Thursday, June 4, 2009

Pawnee Buttes, Lamb Springs and Molly Dog

paw4 Yesterday, Guitar and I did something I’ve been wanting to do for a while, hike around Pawnee Buttes. Pawnee Buttes are a series of geological formations in northeast Colorado. You really want to have to go there, to get there. To catch a phrase, it’s desolate there. The only sign of human habitation are a few scattered ranch houses and paw6 windmills, yes windmills. This area is pretty windy year round and the power companies have installed hundreds of windmills a few miles from the spot of our hike. If you enlarge the picture to the left you can see some on the ridge, center right in picture.

The trip from the Denver area is about 100 miles, but it’s light years away from the city crowds and madness. The hike itself was about 5 miles round trip and it wound over prairie and through some badlands. We saw only two other people there and they were about 1/2 mile away.paw2

The wildflowers were spectacular. It’s amazing the number of different types of flowers we saw in an area that, in the heat of summer, you would think was barren of flowers. I brought my Rocky Mountain wildflower guide but it was no help at all….This terrain could not be classified as “Rocky Mountain” . On our way to Pawnee we passed miles of prairie that were covered with some type of white morning glory type of flower. When I first spotted a field of them, I said to Guitar that it must have just hailed. That’s what the flowers looked like at a distance. The white covered the ground between other plants and bushes and looked like hail. I tried to take a picture but it just doesn’t show the way the eye sees it.

On the way back home we passed through the “almost” ghost town of Keota, CO. There were maybe, five people paw5 living in this otherwise deserted town. This town had it’s heyday just before WWI. At that time it had about 150 town residents and served about a thousand other ranchers, dryland farmers and their families. It had a bank, a newspaper, numerous stores and….no saloons. Today only a few buildings, the water tower and fire hydrants survive.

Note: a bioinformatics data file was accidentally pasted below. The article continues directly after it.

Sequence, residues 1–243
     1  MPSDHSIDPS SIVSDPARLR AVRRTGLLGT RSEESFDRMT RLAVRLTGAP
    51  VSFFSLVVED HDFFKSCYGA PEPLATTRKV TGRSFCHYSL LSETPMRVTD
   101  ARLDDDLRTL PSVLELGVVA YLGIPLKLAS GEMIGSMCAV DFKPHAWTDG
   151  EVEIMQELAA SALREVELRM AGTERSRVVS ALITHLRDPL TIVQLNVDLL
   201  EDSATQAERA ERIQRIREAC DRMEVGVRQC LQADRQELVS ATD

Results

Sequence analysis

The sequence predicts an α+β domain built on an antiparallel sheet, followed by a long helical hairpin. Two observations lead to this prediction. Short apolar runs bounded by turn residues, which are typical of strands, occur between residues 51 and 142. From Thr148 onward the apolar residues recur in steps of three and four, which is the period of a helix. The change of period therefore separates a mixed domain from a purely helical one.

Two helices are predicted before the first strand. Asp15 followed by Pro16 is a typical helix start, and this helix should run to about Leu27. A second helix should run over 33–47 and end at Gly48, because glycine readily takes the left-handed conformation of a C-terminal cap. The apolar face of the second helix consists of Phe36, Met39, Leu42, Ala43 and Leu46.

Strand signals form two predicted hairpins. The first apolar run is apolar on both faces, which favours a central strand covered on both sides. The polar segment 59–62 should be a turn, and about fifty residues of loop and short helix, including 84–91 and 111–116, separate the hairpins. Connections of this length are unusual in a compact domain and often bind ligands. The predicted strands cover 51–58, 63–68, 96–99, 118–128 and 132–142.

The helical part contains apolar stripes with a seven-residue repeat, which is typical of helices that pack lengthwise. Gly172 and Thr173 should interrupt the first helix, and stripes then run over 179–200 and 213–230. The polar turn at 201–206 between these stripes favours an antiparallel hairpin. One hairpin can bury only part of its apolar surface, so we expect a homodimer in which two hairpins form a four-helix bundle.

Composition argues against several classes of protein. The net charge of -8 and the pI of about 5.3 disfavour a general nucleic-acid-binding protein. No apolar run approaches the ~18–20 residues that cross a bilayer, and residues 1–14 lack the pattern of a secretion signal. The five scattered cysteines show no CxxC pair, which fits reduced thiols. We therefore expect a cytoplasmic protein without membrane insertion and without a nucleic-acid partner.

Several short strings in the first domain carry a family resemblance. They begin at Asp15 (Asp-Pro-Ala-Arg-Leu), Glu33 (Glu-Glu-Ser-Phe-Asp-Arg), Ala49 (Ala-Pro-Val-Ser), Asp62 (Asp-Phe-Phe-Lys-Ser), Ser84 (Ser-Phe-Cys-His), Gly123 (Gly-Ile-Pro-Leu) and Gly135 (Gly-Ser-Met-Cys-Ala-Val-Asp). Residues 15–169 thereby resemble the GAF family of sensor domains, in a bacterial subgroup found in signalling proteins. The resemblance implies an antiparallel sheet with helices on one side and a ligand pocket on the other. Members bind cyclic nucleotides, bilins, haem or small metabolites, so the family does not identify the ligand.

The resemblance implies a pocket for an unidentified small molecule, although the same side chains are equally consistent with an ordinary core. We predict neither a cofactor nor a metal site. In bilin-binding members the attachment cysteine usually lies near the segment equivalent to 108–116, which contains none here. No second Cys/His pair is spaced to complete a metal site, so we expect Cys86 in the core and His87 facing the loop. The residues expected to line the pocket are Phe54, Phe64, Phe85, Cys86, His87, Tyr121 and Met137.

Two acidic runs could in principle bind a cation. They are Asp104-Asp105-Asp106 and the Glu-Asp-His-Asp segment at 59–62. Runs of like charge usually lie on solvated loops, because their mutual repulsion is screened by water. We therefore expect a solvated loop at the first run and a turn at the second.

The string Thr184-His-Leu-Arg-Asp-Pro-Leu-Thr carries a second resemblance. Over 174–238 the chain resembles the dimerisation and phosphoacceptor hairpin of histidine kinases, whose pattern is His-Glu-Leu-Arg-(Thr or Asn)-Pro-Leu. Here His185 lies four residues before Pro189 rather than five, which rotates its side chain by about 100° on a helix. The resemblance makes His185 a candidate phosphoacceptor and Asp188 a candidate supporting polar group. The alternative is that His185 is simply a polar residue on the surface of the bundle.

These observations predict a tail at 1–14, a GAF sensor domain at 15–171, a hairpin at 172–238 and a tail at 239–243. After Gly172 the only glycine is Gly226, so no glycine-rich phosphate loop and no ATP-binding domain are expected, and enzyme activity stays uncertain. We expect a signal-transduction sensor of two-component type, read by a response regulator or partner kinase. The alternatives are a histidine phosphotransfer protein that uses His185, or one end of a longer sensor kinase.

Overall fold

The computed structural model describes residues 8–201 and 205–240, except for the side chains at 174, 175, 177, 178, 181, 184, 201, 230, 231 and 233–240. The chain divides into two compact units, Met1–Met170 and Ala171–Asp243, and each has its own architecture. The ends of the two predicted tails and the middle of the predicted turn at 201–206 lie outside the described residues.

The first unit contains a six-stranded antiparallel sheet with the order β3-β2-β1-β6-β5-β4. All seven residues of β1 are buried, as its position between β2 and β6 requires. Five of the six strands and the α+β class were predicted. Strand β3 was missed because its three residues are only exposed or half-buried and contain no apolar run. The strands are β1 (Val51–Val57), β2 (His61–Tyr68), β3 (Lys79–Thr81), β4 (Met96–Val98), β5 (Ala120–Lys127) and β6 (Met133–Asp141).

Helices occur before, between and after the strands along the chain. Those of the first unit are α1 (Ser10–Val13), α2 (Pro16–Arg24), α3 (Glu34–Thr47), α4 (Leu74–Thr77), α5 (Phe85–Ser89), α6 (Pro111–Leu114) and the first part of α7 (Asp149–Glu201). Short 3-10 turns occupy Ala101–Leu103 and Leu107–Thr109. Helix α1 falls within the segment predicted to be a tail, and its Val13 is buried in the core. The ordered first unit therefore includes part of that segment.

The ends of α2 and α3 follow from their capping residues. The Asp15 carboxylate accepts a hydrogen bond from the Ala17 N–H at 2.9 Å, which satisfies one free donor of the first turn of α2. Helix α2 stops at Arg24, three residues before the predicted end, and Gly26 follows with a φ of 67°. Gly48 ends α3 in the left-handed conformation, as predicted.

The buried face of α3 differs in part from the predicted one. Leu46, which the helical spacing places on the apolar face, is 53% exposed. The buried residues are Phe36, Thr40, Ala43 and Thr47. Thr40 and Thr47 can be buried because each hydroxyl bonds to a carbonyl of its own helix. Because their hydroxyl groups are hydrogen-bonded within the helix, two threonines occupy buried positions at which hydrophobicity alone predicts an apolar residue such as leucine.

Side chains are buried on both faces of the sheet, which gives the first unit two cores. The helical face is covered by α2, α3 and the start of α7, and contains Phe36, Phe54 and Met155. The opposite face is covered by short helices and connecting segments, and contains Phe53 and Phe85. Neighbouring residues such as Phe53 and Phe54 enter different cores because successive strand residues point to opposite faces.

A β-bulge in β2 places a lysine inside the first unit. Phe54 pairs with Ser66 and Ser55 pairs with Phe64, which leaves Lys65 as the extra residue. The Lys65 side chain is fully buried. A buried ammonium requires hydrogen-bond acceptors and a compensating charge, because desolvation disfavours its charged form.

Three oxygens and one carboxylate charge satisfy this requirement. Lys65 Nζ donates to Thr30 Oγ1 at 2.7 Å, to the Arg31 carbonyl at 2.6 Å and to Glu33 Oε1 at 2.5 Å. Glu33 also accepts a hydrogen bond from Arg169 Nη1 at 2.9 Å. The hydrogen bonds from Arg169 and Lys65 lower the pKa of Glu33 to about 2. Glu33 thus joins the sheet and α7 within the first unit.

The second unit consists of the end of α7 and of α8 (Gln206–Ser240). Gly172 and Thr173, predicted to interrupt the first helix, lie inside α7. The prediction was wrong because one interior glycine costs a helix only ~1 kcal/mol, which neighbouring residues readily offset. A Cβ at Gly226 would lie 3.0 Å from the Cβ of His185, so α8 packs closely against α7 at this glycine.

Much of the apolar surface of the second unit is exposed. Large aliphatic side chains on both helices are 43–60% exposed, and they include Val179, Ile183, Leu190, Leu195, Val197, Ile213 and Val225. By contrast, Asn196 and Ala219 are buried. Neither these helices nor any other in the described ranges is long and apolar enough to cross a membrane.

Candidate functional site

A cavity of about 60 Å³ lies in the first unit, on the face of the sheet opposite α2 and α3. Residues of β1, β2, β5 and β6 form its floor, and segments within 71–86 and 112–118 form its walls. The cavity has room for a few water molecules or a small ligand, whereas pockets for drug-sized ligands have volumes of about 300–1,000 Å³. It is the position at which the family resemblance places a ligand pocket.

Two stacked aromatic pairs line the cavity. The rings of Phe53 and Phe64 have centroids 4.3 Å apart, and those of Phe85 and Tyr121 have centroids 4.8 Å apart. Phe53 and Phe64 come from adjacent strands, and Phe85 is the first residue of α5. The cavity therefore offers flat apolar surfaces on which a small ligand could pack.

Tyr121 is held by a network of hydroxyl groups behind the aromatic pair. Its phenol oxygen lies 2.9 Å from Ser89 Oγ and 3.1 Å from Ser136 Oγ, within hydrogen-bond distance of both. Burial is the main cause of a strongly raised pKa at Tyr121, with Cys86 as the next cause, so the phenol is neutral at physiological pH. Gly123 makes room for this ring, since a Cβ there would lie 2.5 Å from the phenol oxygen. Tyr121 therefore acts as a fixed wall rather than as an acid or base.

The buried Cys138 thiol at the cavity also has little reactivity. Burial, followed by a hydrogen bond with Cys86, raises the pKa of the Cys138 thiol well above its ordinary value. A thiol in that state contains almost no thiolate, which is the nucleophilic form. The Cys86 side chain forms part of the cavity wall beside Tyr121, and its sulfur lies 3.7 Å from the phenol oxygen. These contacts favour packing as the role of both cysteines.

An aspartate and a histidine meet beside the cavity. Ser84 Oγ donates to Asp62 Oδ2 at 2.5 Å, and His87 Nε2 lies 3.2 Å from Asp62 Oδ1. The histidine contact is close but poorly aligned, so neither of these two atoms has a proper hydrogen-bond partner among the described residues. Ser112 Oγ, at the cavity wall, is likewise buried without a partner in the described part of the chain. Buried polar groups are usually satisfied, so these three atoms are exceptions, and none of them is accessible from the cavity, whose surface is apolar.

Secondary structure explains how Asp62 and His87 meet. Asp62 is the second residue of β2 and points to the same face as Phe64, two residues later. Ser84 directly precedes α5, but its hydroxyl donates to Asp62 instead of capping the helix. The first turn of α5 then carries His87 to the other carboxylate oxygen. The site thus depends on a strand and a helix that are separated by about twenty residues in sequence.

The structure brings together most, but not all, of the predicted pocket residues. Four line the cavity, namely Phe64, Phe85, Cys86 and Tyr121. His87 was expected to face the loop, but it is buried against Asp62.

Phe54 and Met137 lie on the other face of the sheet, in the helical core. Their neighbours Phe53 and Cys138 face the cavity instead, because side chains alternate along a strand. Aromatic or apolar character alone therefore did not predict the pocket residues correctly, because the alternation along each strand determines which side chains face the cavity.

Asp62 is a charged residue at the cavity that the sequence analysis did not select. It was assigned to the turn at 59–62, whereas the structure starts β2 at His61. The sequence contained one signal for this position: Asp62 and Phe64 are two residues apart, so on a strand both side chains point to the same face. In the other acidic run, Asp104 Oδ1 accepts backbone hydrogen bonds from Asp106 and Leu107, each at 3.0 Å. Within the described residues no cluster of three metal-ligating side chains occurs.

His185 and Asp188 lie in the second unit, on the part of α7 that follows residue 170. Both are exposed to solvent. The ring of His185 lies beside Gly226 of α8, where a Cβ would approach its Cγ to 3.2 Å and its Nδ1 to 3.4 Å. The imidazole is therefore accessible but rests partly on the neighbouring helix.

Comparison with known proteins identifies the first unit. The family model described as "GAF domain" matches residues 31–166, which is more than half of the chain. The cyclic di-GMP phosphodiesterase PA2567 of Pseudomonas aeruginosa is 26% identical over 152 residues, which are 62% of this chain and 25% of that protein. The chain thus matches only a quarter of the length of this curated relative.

It was a long and enjoyable day. Guitar and I got back a little after 6 pm and are already beginning to plan for our next hike.

To tide our adventure lust over for the weekend, The Circle, had made plans for an unusual short trip on Saturday morning. Several weeks ago I read an article in a local newspaper about an archaeological site called Lamb Springs. On a local ranch not 20 miles from my home, a rancher in 1960, discovered the bones of a Columbian mammoth, ancient camel and ground sloth. The site now belongs to Douglas County, Colorado and they hold seven tours a year of the site. The Circle will see what this is all about on Saturday. Stay tuned.

While Guitar and I were on our hike yesterday, Molly Dog had an accident. It seems that while chasing a squirrel along the fence in our back yard, she severely cut her foot and tendon on the metal edging around a flower garden. Luckily The Emmer was home at the time and called The Bride. The Bride had to rush home and get her to a vet, who operated immediately. She is now not a happy pooch. Her right front leg is bandaged and in a splint and she is under the effects of heavy sedation for a few days. Total recovery time will be 10 days to two weeks. In looking at the amount of blood on our deck, patio and garage floor, I’m thinking she could have easily bled to death. I will be nurse for that period of time so there will be a break in my adventures for a while.

Thanks for visiting.

1 comment:

Meloncutter said...

Years ago before we moved to Atlanta and the passing of the Spouse's grandparents, we would drive through Keota up to 6 times a year along that wide dirt road. We would go to Carpenter Wyoming through Hereford Co. to see the Spouse's grandparents. I always viewed that old rusty water tower as a beacon that our journey was near the end. I haven't thought of that old tower for years.

Thanks for the memory.

Later Y'all.


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